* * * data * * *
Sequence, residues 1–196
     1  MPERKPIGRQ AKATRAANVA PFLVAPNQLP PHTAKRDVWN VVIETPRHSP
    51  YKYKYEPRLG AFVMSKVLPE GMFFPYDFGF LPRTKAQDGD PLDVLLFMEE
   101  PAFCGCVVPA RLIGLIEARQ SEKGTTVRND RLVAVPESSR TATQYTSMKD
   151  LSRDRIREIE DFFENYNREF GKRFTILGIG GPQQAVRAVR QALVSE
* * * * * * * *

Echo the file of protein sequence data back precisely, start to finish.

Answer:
Sequence, residues 1–196
     1  MPERKPIGRQ AKATRAANVA PFLVAPNQLP PHTAKRDVWN VVIETPRHSP
    51  YKYKYEPRLG AFVMSKVLPE GMFFPYDFGF LPRTKAQDGD PLDVLLFMEE
   101  PAFCGCVVPA RLIGLIEARQ SEKGTTVRND RLVAVPESSR TATQYTSMKD
   151  LSRDRIREIE DFFENYNREF GKRFTILGIG GPQQAVRAVR QALVSE